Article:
Viewpoint: You Can’t Be An “Accidental” Racist

Bigotry is never accidental, as the bizarre song by Brad Paisley and LL Cool J remind us.

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Jerod Harris / ACMA2013 / Getty Images for ACM

Musicians LL Cool J and Brad Paisley backstage during the 48th Annual Academy Of Country Music Awards – ACM Fan Jam at Orelans Arena on April 7, 2013 in Las Vegas

I was driving home toward Brooklyn when Questlove called, out of breath with excited indignation. “Yo man, have you heard ‘Accidental Racist’?” I hadn’t. He was apoplectic. “You’ve gotta listen to this song! I can’t believe they went there. And LL’s worse than Brad! You gotta write something about this.”

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I Googled it as I drove. I know I shouldn’t have but I couldn’t help it. The title had me nervous: racism is the exercise of power so you can’t really be an accidental racist though you can benefit from and receive white privilege without attempting to. Maybe that’s what Brad and LL meant. I was trying to have an open mind, but the phrase conjured up an apology rooted on a disavowal of fault that made me cringe. To hear whites say that their privileged position isn’t their fault is insulting. And while recording artists can sometimes discuss race in smart ways (think of the work of Public Enemy or Sly Stone’s “Don’t Call Me Nigger, Whitey,”) it’s hard to have a nuanced conversation within the constraints of lyrics. Still, as I pressed play, I wondered if the song would find its way over my low expectations. It did not.

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Brad Paisley’s apology song, dripping with white guilt, is a mea culpa for wearing a symbol of the confederacy — a symbol of slavery and white supremacy. To claim, as Paisley does, that wearing a confederate flag is actually about being a Lynard Skynard fan so we should ignore the dominant meaning, is silly. You can’t wear a swastika and say, “Oh don’t be upset–I’m thinking of the way the Chinese used it before it was appropriated by the Nazis.” That’s not how symbols work. If you choose to walk around wearing a confederate flag tee, instead of one with the words “Lynard Skynard,” then you’ll make some people rightly uncomfortable and wondering how deep your nostalgia goes and how insensitive you are. I have no problem with Southerners being proud of the South, but Paisley does have a lot to learn, as he concedes.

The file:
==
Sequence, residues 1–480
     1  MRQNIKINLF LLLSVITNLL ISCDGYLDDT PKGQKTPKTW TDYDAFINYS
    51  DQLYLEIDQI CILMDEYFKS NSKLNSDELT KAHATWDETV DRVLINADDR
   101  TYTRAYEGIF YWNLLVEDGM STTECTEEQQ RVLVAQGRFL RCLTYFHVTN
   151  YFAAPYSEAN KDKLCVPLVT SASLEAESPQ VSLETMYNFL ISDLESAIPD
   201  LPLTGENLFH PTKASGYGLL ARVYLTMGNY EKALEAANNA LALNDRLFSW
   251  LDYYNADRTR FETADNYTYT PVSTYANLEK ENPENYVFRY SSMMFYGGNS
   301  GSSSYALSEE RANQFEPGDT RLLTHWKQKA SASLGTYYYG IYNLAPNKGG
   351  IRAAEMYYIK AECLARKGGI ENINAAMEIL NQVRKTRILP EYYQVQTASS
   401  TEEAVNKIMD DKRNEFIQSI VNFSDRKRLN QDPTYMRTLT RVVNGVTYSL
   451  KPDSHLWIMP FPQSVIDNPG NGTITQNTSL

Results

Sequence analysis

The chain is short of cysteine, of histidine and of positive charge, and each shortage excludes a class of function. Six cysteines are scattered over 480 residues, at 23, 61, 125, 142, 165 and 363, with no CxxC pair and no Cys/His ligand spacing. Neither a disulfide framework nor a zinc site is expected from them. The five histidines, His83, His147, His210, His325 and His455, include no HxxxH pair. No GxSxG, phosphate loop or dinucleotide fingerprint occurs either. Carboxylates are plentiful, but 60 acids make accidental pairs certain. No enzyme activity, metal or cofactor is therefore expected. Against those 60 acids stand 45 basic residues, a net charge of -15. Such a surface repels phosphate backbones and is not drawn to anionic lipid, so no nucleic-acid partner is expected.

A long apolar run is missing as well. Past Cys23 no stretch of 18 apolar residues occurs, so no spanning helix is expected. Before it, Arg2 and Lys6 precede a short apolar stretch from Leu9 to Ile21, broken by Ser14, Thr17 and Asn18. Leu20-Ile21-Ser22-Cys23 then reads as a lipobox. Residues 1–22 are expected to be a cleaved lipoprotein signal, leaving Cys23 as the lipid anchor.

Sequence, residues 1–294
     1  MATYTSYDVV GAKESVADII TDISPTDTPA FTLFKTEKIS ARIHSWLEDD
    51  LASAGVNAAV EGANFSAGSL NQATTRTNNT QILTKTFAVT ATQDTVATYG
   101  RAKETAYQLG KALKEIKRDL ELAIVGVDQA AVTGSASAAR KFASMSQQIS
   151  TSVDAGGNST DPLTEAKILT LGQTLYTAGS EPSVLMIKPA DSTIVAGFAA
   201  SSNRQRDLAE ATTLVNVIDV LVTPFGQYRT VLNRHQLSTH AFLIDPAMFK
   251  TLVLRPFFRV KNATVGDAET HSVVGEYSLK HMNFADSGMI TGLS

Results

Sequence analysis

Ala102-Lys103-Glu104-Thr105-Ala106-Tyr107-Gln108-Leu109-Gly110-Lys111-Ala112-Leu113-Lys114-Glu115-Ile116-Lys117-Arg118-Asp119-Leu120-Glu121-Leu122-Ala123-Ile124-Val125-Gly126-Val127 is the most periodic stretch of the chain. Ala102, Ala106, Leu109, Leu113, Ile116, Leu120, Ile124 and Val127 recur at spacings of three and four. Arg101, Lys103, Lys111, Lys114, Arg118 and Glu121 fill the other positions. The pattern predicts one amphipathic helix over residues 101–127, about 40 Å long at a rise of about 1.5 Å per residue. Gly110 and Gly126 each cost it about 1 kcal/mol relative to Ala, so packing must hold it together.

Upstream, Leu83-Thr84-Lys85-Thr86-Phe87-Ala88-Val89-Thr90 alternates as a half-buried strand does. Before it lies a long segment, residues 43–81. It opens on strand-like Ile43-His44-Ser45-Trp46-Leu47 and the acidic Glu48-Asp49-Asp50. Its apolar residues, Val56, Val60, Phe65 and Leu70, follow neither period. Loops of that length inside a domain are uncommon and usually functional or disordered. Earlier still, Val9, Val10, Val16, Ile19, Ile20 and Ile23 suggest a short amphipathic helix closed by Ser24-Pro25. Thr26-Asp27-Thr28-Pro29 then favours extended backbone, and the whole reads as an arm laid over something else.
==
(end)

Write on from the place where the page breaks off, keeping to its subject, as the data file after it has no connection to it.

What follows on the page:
Then there’s LL. His first verse is fine, many of us feel like “new dangled Djangos dodging invisible white hoods,” because racism now often operates in secret. And I’m glad LL stands his ground to say the confederate flag is off-putting. But in the chorus things go astray. First there’s an egregious false comparison: “If you don’t judge my doo rag I won’t judge your red flag.” The flag is a symbol of a time and a place where slavery was legal and may communicate a sentimentality for that time. A doo rag is a piece of clothing that has no inherent symbolism. That some whites are frightened by blacks in doo rags or hoodies or Starter jackets (back when people wore those) doesn’t make them equivalent to the flag of what was once a nation.

But then things go completely off the rails. I wonder if LL was drugged when he wrote and recorded the lyrics, “If you don’t judge my gold chains, I’ll forget the iron chain.” How could he have not recognized that as a possibly career-ending moment that would offend almost all of his fans to the core? He follows with other references to amnesia about a multi-century atrocity that still has a deep impact on America. Let bygones be bygones? Slavery is a formative event that led us to the current racial disparities in income inequality and incarceration trends. It’s not excuse-making to recognize the pervasive, continuing impact of slavery. It’s not necessary to speak of slavery every day. But it’s critical to never forget.

MORE: Is Racism An Illness?

I hope to never hear this horrible song again. I’m sure some will walk away from this bizarre episode concluding that white artists are better off not discussing race at all because it can only get them into trouble. That’s not the message people should take. It’s their right to discuss race, but artists must be thoughtful when dealing with this topic or risk hurting the audience. But that’s a message to Brad. My message to LL: You’ve got some explaining to do. I know that both of them say that the song was supposed to be about forgiveness and they are standing by it, but that’s not enough. They may want to consider doing a remix called “Accidental Song” saying how they didn’t mean for “Accidental Racist” to come out, that it was just an accident.

193 comments
torrent
torrent